One of my best friends has sent me a Guardian article by a ‘member of the Ukrainian Opposition Bloc’ who laments that “my country has not had the European breakthrough that was promised.”
He then lists some human rights violations, in which one journalist got injured. And the author is appalled by the state of the Ukrainian economy, which is indeed less buoyant than Norway’s.
The conclusion is predictable: “It’s high time the friends of Ukraine in the west disavow their support for those in the Ukrainian government who promote bigotry, intolerance and warmongering.”
If your Ukrainian’s a bit rusty, this means those who oppose Putin’s aggression and his clearly stated objective to return the Ukraine into Russia’s servitude.
The language could have come from Putin’s press: “Ukraine’s government relies heavily on continuing western support to stabilise the withering economy and assist the country in its confrontation with Russia.”
‘Confrontation with Russia’ means refusal to submit to naked aggression, you understand. As to needing Western support, the Ukraine isn’t alone. Since the introduction of derisory Western sanctions, Russia’s GDP has shrunk by 40 per cent (US GDP lost only about two per cent during the Great Depression).
My friend sounded worried, and not just about the Ukraine. We both know quite a few British Putinistas, and he probably thought the article would add grist to their mill. “What should we make of this?”, he asked. This is what I wrote back:
“Nothing, would be my reply.
“I keep repeating that no ex-communist country is ever wholly ‘ex’, and won’t be for generations to come, if ever. The corrupting effects of history’s most enduring evil penetrate the nation’s DNA, and it would take decades to purge the bloodstream.
“The strength of such effects and the time required to get rid of them are directly proportionate to the lifespan of the communist regime. Thus Poland has a better shot at it than Russia, and, say, Estonia a better one than the Ukraine.
“The Ukraine suffered horribly from communist oppression. Grandparents, millions of them, of today’s Ukrainians were deliberately starved to death in the early thirties. Previous and subsequent purges drowned the country in blood. Ukrainian culture and language were systematically oppressed. It’s not for fun that Ukrainian patriots fought the Soviets throughout the war and well into the fifties, when guerrilla warfare was incinerating the forests.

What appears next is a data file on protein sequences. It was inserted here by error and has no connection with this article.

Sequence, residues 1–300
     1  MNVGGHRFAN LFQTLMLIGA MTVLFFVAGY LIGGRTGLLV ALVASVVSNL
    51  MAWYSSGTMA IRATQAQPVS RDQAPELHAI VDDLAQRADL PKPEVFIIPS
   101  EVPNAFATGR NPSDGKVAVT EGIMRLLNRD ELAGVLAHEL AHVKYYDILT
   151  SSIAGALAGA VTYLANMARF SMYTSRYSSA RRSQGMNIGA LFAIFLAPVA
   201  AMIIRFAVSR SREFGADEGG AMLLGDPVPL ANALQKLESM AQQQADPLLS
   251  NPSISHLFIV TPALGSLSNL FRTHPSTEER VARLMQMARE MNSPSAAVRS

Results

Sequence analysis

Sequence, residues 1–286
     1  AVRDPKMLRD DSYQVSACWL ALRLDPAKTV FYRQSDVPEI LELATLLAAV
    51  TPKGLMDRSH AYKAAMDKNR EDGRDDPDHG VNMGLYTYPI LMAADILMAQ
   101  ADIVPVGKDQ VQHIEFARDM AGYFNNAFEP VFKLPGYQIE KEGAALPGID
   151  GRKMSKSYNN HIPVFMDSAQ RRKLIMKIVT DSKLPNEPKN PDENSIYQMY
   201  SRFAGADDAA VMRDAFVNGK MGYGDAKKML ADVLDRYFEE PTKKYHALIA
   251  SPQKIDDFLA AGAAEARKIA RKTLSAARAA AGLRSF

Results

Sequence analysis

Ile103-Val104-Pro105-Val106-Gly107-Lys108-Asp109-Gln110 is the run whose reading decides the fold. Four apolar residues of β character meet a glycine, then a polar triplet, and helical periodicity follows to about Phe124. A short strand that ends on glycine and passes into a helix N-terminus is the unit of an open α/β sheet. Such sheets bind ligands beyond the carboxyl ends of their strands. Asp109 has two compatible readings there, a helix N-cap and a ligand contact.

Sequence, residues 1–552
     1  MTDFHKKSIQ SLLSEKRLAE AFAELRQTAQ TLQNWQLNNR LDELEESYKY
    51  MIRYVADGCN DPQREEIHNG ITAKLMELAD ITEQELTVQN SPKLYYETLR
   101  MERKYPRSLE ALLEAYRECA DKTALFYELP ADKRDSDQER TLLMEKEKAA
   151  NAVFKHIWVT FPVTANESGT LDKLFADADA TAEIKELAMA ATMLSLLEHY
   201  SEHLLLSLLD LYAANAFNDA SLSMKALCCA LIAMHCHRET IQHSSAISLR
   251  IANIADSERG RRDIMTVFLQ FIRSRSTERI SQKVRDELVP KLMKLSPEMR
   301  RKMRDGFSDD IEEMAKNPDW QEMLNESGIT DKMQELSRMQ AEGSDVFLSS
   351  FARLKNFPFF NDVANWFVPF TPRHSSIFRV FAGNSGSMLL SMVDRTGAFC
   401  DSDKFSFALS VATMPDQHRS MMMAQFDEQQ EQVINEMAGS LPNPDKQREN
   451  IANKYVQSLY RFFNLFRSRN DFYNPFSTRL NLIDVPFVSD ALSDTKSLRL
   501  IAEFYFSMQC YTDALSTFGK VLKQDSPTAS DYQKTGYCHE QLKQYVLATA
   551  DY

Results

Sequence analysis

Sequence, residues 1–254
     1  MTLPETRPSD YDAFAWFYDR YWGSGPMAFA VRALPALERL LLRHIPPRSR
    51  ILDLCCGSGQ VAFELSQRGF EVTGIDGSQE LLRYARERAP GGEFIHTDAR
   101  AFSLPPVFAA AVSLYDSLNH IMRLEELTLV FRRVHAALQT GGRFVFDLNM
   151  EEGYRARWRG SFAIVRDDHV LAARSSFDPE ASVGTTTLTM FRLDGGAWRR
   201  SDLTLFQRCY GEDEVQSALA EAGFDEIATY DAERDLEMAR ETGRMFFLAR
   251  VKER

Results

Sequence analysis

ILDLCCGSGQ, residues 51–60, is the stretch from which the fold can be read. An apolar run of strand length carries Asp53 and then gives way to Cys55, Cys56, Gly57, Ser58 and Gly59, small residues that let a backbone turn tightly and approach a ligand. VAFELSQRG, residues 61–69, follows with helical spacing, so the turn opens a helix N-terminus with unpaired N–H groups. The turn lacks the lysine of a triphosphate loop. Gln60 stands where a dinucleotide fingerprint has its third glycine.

“That the Ukraine can’t be readily confused with Norway is God’s own truth. Its government is corrupt, though less so than Russia’s, and it’s run by people some (as opposed to all) of whom are typologically similar to their Russian counterparts.
“That point is worth making in many contexts, but not in the context of Putin’s aggression. Good, bad or indifferent, the Ukraine is an independent country that can run itself as it sees fit – provided it doesn’t endanger its neighbours or the world at large. The Ukraine answers this criterion. Putin’s Russia doesn’t.
“Ukrainian economy is indeed in dire straits (as is Russia’s), but one must remember that the country is at war. Wartime economies seldom thrive: witness the state of our own during the 1940s (and for several decades thereafter).
“Some of its less democratic practices are also caused by the war – as was the case in the US and Britain during the forties, when people of Japanese and German origin, respectively, were interned en masse.
“The same argument can’t vindicate Russia. For its massive army, the Ukrainian excursion is strictly a local conflict and a protracted training exercise. However, the Ukraine is fighting for its survival, with every sinew strained to breaking point. They had 70 years of satellite status in the Soviet empire, and they’re prepared to fight to the death not to return to it.
“Having said that, the Ukraine is much freer than Russia. Opposition papers are published, opposition TV programmes are shown – in stark contrast to Russia, where the controlled press has a higher emetic quotient than even in Brezhnev’s time.
“Dozens of Russian journalists, those who share our view of the world, are emigrating to the Ukraine fearing for their lives, with no one moving in the opposite direction. That fear isn’t unfounded: 250 journalists have been killed on Putin’s watch, many more roughed up, crippled or at least threatened.
“The author of this article is an MP from ‘the opposition bloc’, meaning a Putin fan or, putting it less kindly but more accurately, agent of influence. This doesn’t mean the facts he cites are incorrect – only that their selection is tendentious. The very existence of such a bloc is a ringing endorsement of the Ukraine, as compared to Russia, where no real opposition exists.
“We should support the Ukraine not because it’s paradise on earth but because Putin is turning Russia into hell on earth – and threatening to do the same to what he claims to be Russia’s sphere of influence, meaning the former Soviet Union and its Eastern European colonies.
“Hence we have a vested geopolitical, not to mention moral, interest in supporting the Ukraine as best we can, while lamenting some of its questionable practices.
“I hope this answers your question, as I understand it.”